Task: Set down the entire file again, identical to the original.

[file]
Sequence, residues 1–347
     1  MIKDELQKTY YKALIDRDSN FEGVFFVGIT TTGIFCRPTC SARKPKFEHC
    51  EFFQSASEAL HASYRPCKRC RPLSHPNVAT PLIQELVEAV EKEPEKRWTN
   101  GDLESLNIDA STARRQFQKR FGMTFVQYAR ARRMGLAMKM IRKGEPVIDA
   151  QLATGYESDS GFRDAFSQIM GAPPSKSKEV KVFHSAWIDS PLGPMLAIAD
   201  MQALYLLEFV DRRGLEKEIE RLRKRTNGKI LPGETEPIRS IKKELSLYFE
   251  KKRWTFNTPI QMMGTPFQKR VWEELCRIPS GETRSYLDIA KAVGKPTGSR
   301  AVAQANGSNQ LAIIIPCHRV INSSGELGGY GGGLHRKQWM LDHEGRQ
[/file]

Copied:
Sequence, residues 1–347
     1  MIKDELQKTY YKALIDRDSN FEGVFFVGIT TTGIFCRPTC SARKPKFEHC
    51  EFFQSASEAL HASYRPCKRC RPLSHPNVAT PLIQELVEAV EKEPEKRWTN
   101  GDLESLNIDA STARRQFQKR FGMTFVQYAR ARRMGLAMKM IRKGEPVIDA
   151  QLATGYESDS GFRDAFSQIM GAPPSKSKEV KVFHSAWIDS PLGPMLAIAD
   201  MQALYLLEFV DRRGLEKEIE RLRKRTNGKI LPGETEPIRS IKKELSLYFE
   251  KKRWTFNTPI QMMGTPFQKR VWEELCRIPS GETRSYLDIA KAVGKPTGSR
   301  AVAQANGSNQ LAIIIPCHRV INSSGELGGY GGGLHRKQWM LDHEGRQ